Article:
Betting Exchange Sites - How Do They Work?
Each Betting Exchanged Explained
The following video will help provide a quick overview, please read below for more information.
What is a Betting Exchange?
A betting exchange is a marketplace for customers to place bets on the outcome of an event(s). Betting exchanges offer a similar service to bookmakers but with a few differences:
1. You can buy and sell the outcome of an event,
2. You can trade in real-time throughout an event
3. You can trade out to cut your losses or lock in profit.
Betting exchanges generate revenue by charging a small commission fee whereas bookmakers generate billions in revenue by offering less efficient odds. Furthermore, bookmakers also provide customers with offers and promotions worth millions of pounds each week.
Related article: Make Money Online With Profit SquirrelOR check out some bite-sized info on matched betting here.
The Main Betting Exchanges
The world’s largest betting exchange and the largest online betting company in the UK.
Betfair is a great exchange to start with as it’s very popular and there’s usually enough liquidity in the marketplace your lay bet.
Betfair’s lay commission begins at 5% and also offer a reward scheme which will lower the commission you pay over time. To understand more about the reward scheme, Click here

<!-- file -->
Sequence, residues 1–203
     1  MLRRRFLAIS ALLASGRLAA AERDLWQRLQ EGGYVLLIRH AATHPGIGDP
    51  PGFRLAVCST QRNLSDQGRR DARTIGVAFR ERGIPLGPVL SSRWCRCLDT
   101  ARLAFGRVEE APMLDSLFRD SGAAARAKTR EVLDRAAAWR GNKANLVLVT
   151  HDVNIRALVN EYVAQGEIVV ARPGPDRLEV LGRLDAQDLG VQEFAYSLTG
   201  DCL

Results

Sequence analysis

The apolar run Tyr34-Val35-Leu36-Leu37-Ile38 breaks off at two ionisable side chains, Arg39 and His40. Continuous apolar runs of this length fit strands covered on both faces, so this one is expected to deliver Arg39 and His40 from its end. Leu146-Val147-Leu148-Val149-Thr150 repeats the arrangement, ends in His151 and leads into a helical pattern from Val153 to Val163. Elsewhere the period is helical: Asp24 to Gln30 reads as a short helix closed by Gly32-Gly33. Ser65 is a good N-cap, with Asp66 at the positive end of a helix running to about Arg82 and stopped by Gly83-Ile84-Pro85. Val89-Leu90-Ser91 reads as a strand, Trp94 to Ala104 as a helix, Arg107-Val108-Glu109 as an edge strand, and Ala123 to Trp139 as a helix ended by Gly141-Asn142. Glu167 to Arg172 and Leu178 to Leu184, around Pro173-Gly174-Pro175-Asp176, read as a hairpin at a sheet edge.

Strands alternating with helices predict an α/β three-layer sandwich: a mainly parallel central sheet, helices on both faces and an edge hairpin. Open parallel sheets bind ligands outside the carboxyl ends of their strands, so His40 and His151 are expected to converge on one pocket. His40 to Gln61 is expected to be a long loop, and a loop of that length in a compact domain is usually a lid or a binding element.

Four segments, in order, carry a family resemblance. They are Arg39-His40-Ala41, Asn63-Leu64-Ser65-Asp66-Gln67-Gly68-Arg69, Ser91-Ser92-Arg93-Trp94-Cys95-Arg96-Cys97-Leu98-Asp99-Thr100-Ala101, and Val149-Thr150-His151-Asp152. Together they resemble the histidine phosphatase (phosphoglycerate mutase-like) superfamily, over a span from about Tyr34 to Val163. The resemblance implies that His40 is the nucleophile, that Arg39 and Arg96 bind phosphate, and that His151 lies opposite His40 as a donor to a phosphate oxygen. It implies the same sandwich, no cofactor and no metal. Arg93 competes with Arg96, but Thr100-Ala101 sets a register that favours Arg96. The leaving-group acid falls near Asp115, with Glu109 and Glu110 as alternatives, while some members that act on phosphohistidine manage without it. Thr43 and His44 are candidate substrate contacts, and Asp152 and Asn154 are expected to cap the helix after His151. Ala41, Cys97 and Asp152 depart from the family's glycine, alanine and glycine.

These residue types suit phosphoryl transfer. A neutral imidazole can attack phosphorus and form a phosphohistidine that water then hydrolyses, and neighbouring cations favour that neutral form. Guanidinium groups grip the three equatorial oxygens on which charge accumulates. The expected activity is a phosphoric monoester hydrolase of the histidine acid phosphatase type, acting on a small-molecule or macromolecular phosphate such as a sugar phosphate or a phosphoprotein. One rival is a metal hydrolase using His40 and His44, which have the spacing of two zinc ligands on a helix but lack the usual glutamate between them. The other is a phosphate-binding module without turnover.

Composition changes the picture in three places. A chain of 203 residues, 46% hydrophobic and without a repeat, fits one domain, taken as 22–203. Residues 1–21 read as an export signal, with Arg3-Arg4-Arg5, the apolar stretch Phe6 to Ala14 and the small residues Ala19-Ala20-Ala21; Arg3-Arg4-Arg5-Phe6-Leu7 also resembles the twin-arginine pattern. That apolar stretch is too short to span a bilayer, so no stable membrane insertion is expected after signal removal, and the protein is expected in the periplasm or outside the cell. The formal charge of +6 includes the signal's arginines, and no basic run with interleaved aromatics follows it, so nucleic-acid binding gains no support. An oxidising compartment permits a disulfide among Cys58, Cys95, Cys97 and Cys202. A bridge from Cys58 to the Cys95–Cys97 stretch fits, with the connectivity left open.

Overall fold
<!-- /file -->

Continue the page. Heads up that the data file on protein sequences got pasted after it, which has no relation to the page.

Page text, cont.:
A great alternative to Betfair as you’re only charged 2% commission which is great for maximising your profits. However, Smarkets usually have less liquidity compared to Betfair and fewer markets to participate in.
This exchange is perfectly fine for football events across Europe and Horse racing - there is a good amount of liquidity. Use Smarkets whenever you can.
Not a very popular exchange but an alternative nonetheless.
Betdaq’s commission is only 2%.
Overall Betdaq doesn't have a comparative advantage over Betfair or Smarkets so it’s best to not use this exchange often.
This exchange only charges 1% commission on both winnings and losses. Also, Matchbook has 0% commission for the Twenty 20 Cricket World Cup. On the other hand, Matchbook usually has very low liquidity across the market.
Matchbook also doesn't offer Horse racing which means we should only use this exchange mainly for sporting events, particularly European football.
This guide should help you make the right decision as to which exchange is best to use for placing lay bets at any given time.
The main exchanges you will use are Betfair and Smarkets, usually in favor of Smarkets because of the low 2% commission, however, if you don’t find enough liquidity and good lay odds in Smarkets then use Betfair.
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